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Ryne Choi, Jacob Feldman, Manish Singh; Perceptual biases in the interpretation of non-rigid structure from motion. Journal of Vision 2019;19(10):198. doi: https://doi.org/10.1167/19.10.198.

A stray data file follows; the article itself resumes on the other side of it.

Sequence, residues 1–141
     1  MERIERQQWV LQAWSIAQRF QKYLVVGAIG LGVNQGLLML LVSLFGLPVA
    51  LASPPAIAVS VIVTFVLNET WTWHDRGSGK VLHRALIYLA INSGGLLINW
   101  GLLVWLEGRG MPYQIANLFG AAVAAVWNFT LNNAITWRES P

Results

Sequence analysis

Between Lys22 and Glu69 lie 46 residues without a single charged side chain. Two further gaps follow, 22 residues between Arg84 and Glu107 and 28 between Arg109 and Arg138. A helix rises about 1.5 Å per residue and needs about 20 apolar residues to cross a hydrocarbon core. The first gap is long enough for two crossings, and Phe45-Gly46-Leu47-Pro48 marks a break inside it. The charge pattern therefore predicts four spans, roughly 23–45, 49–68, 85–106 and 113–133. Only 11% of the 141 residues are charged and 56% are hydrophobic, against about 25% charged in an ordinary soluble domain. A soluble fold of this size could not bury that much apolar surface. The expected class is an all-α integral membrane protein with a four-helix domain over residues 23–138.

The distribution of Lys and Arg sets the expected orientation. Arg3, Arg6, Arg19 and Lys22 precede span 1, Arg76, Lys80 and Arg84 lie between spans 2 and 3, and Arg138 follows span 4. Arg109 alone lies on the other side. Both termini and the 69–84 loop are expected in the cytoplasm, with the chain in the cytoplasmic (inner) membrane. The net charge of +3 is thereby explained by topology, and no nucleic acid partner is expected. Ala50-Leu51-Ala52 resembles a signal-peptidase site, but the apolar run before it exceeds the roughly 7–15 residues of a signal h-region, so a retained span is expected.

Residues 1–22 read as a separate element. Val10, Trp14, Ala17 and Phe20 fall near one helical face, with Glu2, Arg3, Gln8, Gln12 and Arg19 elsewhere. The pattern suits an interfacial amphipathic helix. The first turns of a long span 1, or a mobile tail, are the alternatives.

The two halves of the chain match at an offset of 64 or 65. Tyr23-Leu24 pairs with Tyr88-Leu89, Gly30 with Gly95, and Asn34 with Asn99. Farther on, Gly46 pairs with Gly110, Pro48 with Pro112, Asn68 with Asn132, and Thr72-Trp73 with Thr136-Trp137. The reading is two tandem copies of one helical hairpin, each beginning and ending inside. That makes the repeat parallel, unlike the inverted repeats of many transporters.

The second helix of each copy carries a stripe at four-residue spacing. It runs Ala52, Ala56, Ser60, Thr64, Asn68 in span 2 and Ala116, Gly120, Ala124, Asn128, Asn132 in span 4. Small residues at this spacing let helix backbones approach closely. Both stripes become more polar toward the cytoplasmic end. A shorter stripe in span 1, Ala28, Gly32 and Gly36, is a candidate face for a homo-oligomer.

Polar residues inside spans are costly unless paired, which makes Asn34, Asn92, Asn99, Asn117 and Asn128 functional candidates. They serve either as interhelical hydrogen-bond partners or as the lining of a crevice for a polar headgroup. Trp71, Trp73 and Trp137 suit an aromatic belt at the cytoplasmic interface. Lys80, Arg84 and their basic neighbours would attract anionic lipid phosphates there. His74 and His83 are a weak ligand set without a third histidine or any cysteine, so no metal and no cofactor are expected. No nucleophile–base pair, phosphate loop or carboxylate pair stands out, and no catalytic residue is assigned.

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Structure-from-motion research has largely focused on the perception of rigidly moving 3D objects. However, many of the objects we see in the environment are animate and move non-rigidly. Models of SFM based on rigidity cannot interpret articulated non-rigid motion. Recently it has been shown that subjects are just as good at perceiving the 3D structure of objects undergoing certain forms of non-rigid transformations (Jain & Zaidi, 2011). Our overarching goal is to investigate the kinds of non-rigid object transformations that are perceivable through SFM. In this study, we focus on two types of non-rigid motion that we believe to be categorically different: length change and orientation change of a protruding part. Orientation change is a part articulation that is more biologically plausible than length change. Our stimuli consisted of an ellipsoid with a protruding narrower part. The object was shown solely by a random dot texture. The whole object rotated back and forth about its vertical axis. At the same time, the protruding part continuously changed its length or orientation with respect to the base part. We found that when the part changed in length, subjects often perceived the transformation as an orientation change in 3D. We manipulated the magnitude of length change and used the method of constant stimuli and adjustment to measure subjects’ perception of the length transformation. We found that even when the length of the part changed dramatically, subjects perceived an orientation change rather than a length change. The results demonstrate that certain non-rigid transformations are easier to perceive correctly through SFM than others. The visual representation of shape may include certain “non-rigid” transformations that are more “natural,” such as the articulation of limbs (part-wise rigidity) on biological shapes. The visual system may be biased towards these more biomechanically plausible interpretations of motion.
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